ACS Applied Energy Materials

Figure 6. Optimized atomic structures of 1D cobalt−dithiolene MOFs with the different alkali metal counter cations and adsorbed H atom (left) as well as the corresponding calculated free-energy diagram of HER at the equilibrium potential (right). Key: blue, cobalt; gold, sulfur; gray, carbon; red, potassium; green, sodium; brown, lithium; and white, hydrogen.

Figure 5. PDOS of three types of S atoms. The first type of S is in the bare negatively charged 1D cobalt−dithiolene MOF (type I, green line in the PDOS image). The other two types of S are in the 1D cobalt− dithiolene MOF with the Na+ counter cations (see the inset figure). One is associated with Na+ in the 1D cobalt−dithiolene MOF (type III, blue line in the PDOS image). Another one is not directly bonded with Na+ (type II, red line in the PDOS image). The gray circle area highlights the states around the Fermi energy level. Key: blue, cobalt; gold, sulfur; gray, carbon; green, sodium.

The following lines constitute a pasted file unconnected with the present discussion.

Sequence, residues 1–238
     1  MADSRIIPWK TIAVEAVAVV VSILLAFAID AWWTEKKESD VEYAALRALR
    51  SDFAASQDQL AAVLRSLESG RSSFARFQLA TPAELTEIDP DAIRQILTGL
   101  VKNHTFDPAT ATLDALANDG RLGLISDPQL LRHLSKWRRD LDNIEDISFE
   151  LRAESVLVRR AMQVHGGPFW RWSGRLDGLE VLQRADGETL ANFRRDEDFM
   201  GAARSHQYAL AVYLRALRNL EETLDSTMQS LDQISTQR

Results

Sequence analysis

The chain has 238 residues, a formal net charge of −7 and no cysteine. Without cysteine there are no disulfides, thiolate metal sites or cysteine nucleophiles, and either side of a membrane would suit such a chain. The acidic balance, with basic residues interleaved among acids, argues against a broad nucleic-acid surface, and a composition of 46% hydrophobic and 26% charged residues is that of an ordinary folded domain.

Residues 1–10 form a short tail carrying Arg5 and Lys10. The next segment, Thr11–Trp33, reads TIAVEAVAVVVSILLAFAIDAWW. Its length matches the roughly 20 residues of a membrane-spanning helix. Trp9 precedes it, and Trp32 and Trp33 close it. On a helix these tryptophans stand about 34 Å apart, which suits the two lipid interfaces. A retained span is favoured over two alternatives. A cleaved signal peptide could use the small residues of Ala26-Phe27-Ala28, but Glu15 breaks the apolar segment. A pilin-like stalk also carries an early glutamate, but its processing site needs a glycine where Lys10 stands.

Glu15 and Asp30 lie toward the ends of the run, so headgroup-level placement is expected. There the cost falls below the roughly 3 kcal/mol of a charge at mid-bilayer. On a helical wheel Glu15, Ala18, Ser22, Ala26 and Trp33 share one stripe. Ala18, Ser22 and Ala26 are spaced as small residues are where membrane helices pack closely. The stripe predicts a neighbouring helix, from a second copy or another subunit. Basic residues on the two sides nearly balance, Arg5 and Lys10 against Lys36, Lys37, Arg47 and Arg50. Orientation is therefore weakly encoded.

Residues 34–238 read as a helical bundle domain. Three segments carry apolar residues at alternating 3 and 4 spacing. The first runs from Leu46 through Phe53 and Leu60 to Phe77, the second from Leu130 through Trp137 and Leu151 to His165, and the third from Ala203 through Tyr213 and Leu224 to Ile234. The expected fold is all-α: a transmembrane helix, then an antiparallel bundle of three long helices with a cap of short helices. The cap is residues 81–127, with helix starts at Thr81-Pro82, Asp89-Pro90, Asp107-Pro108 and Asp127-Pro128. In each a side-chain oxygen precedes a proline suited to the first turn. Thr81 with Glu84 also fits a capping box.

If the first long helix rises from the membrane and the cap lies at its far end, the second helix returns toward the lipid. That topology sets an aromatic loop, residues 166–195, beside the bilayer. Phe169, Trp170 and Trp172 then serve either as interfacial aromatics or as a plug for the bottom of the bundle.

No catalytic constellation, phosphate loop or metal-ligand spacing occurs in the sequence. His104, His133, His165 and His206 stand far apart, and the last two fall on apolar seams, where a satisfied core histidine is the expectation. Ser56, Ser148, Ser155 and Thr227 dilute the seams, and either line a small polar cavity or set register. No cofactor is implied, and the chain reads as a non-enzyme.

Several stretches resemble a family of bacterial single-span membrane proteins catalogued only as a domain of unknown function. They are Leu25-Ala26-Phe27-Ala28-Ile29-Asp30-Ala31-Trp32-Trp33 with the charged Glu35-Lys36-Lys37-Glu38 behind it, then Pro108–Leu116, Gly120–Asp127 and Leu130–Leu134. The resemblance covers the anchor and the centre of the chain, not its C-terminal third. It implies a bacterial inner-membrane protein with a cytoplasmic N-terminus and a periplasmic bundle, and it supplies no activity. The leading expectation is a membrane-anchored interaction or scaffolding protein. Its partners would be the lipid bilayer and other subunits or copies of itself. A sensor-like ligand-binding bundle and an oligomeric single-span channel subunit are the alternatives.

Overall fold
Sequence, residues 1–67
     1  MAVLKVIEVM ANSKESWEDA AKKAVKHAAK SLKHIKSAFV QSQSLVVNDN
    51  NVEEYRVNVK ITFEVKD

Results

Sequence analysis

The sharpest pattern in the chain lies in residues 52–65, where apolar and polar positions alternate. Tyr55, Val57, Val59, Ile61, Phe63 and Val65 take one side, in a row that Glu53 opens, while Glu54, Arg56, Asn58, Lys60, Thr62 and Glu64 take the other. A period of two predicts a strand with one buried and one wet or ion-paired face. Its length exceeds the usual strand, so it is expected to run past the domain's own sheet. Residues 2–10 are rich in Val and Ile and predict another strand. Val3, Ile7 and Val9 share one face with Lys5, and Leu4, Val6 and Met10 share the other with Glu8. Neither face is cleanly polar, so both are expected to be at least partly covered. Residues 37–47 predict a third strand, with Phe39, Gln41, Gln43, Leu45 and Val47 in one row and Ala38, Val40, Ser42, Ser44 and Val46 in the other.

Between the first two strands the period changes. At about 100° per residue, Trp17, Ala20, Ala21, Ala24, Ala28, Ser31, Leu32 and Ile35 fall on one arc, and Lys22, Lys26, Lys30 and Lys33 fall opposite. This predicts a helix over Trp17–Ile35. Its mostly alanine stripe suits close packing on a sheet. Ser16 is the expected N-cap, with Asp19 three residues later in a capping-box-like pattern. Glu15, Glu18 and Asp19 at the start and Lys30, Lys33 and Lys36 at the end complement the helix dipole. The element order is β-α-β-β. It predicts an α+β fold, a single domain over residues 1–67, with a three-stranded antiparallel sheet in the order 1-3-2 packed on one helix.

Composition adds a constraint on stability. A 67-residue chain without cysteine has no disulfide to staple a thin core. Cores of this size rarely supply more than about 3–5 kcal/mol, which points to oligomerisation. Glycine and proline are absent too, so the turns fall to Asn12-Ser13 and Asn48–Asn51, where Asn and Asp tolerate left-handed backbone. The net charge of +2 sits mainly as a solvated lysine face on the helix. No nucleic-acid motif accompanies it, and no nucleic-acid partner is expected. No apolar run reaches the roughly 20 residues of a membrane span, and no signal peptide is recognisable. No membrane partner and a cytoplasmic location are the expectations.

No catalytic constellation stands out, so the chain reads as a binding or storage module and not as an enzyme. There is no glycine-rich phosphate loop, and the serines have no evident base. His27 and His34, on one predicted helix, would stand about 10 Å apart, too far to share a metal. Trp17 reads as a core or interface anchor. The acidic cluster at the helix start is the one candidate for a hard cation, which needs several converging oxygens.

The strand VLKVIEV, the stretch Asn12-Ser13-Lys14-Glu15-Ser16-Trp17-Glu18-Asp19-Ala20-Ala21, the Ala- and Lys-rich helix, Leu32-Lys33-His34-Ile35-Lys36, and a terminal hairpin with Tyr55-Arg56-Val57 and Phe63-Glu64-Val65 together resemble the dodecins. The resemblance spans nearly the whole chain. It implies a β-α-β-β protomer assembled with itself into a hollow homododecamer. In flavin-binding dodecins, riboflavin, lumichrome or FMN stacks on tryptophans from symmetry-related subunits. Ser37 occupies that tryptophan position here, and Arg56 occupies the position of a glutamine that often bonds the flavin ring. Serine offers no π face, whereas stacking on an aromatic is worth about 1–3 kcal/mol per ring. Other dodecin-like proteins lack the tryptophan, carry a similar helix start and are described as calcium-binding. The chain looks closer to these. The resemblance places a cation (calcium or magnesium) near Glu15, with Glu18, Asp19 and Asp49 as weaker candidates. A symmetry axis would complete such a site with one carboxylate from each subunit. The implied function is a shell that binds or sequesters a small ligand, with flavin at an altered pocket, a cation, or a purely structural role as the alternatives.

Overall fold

be a facile approach to enhance the performance of electrocatalysts.